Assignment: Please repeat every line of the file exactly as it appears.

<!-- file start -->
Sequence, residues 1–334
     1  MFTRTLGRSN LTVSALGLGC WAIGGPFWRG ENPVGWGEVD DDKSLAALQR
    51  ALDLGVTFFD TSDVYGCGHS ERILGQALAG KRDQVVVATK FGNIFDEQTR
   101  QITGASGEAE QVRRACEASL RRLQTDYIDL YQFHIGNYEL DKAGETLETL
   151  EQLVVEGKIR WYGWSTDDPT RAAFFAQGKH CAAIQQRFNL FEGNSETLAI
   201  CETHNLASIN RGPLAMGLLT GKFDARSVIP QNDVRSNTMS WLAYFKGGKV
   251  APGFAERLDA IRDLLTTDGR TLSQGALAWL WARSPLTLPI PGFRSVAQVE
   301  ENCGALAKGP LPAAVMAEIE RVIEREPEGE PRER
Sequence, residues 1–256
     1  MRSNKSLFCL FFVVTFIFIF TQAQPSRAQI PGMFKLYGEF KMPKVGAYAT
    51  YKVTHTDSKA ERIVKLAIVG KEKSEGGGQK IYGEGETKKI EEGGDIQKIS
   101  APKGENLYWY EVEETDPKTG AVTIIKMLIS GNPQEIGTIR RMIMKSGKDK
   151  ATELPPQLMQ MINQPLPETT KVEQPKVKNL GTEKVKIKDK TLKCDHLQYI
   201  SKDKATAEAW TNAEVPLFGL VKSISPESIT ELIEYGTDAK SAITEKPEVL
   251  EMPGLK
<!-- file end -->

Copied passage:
Sequence, residues 1–334
     1  MFTRTLGRSN LTVSALGLGC WAIGGPFWRG ENPVGWGEVD DDKSLAALQR
    51  ALDLGVTFFD TSDVYGCGHS ERILGQALAG KRDQVVVATK FGNIFDEQTR
   101  QITGASGEAE QVRRACEASL RRLQTDYIDL YQFHIGNYEL DKAGETLETL
   151  EQLVVEGKIR WYGWSTDDPT RAAFFAQGKH CAAIQQRFNL FEGNSETLAI
   201  CETHNLASIN RGPLAMGLLT GKFDARSVIP QNDVRSNTMS WLAYFKGGKV
   251  APGFAERLDA IRDLLTTDGR TLSQGALAWL WARSPLTLPI PGFRSVAQVE
   301  ENCGALAKGP LPAAVMAEIE RVIEREPEGE PRER
Sequence, residues 1–256
     1  MRSNKSLFCL FFVVTFIFIF TQAQPSRAQI PGMFKLYGEF KMPKVGAYAT
    51  YKVTHTDSKA ERIVKLAIVG KEKSEGGGQK IYGEGETKKI EEGGDIQKIS
   101  APKGENLYWY EVEETDPKTG AVTIIKMLIS GNPQEIGTIR RMIMKSGKDK
   151  ATELPPQLMQ MINQPLPETT KVEQPKVKNL GTEKVKIKDK TLKCDHLQYI
   201  SKDKATAEAW TNAEVPLFGL VKSISPESIT ELIEYGTDAK SAITEKPEVL
   251  EMPGLK